Me an’ Bates [poem by C.J. Dennis]

[Editor: This poem by C.J. Dennis was published in Backblock Ballads and Other Verses (1913). Most of the poetry of C.J. Dennis is written in the style of the Australian vernacular. See the Glossary for explanations of words and phrases.]

Me an’ Bates.

Schoolmates — me an’ Billy Bates,
Sixty year ago;
Though our schoolin’ was but foolin’ —
Short an’ sweet, ye know.
Workin’ when we was but ten
(Folks was poor, ye see).
Drivin’ ploughs an’ mindin’ cows —
Billy Bates an’ me.

Shipmates — me an’ Billy Bates,
Forty year ago;
Came out ’ere in the “Golden Year,”
Straight to Bendigo.
Made our pile in a little while —
Struck it rich did we;
Knocked it down when we got to town —
Billy Bates an’ me.

Shed-mates — me an’ Billy Bates,
Thirty year ago;
Shearin’ sheep an’ livin’ cheap,
Up on Wareko.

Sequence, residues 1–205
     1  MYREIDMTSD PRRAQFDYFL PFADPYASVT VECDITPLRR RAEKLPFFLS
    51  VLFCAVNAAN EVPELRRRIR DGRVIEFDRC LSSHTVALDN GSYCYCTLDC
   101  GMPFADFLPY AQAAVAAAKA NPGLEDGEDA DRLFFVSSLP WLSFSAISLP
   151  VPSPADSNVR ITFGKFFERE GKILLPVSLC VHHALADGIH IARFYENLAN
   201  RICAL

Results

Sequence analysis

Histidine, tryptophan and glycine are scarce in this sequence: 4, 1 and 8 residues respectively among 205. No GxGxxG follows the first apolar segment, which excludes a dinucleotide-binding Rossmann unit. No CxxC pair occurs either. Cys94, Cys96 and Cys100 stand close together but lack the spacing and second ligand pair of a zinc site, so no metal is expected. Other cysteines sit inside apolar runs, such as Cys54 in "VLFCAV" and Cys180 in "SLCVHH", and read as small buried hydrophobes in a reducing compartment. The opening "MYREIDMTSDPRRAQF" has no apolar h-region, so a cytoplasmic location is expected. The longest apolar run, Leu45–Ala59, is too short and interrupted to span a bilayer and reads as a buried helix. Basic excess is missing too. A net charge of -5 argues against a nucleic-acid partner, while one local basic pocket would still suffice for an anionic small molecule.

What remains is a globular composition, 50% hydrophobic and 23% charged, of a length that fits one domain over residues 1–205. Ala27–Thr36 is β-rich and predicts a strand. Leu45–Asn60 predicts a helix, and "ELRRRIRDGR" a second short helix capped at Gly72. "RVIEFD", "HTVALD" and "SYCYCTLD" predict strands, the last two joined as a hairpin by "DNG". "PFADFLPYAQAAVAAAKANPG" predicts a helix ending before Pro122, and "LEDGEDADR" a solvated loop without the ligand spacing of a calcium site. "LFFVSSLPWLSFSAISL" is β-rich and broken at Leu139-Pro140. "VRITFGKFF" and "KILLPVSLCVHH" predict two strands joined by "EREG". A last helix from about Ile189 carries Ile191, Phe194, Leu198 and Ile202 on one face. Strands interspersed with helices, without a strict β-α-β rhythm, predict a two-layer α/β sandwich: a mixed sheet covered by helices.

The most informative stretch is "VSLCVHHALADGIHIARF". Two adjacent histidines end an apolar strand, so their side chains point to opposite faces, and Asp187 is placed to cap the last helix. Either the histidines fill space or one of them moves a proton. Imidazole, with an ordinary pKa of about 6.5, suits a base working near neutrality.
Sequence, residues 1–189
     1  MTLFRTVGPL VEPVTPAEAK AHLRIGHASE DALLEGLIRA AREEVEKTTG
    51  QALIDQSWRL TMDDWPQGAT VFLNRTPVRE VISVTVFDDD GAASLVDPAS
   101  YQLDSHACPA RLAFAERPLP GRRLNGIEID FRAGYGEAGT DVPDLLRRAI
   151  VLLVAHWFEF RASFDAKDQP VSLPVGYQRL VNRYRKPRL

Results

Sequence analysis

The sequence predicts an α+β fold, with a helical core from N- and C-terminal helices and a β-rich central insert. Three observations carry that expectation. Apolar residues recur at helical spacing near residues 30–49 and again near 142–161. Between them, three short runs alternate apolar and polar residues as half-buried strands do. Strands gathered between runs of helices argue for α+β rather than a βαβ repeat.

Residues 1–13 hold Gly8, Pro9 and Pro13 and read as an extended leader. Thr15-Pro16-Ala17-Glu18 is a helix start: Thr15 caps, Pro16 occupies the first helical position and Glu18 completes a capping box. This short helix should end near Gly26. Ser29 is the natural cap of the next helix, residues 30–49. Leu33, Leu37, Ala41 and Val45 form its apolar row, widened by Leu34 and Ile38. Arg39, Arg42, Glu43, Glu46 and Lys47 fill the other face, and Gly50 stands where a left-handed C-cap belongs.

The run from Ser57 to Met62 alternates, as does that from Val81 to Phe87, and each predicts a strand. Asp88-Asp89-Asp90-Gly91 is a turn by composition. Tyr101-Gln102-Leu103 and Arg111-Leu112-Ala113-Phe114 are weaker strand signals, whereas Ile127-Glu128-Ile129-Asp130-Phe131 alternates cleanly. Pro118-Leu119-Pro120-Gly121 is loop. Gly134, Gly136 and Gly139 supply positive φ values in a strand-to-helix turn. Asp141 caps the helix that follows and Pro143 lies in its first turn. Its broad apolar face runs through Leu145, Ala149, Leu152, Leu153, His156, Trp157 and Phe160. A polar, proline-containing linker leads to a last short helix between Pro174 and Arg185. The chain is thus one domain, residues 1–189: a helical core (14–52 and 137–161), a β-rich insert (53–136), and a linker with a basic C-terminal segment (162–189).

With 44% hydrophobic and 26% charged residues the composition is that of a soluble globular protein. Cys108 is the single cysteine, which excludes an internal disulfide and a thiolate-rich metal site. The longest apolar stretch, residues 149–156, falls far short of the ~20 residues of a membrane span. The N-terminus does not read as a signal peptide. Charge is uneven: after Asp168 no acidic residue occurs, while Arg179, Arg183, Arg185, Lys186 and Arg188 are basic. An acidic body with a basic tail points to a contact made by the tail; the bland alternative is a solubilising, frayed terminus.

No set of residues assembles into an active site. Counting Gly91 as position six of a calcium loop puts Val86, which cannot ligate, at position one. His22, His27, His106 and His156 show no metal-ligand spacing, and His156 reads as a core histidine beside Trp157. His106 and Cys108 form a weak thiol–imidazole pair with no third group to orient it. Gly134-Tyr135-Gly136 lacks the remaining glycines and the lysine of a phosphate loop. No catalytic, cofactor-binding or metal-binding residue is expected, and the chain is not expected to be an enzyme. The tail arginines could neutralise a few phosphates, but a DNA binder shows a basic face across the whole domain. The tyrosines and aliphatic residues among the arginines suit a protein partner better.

Ne’er a row we ’ad, no-how,
Even in a spree;
Friends we’d bin through thick an’ thin —
Billy Bates an’ me.

Billy Bates an’ me wus mates,
Twenty year ago;
Then old Billy acted silly,
Got a girl in tow.
Men thet’s wed’s as good as dead,
Lodgers don’t agree;
Saw ’em started, then we parted —
Billy Bates an’ me.

Room-mates — me an’ Billy Bates —
Come ’ere yesterday.
Wife is dead. The life ’e led
With ’er was crool, they say.
Cut up rough, an’ spent ’is stuff,
Acted like a brute.
So Billy Bates an’ me is mates —
In the “Destichoot.”



Source:
C.J. Dennis. Backblock Ballads and Other Verses, E. W. Cole, Melbourne, [1913], pages 64-65

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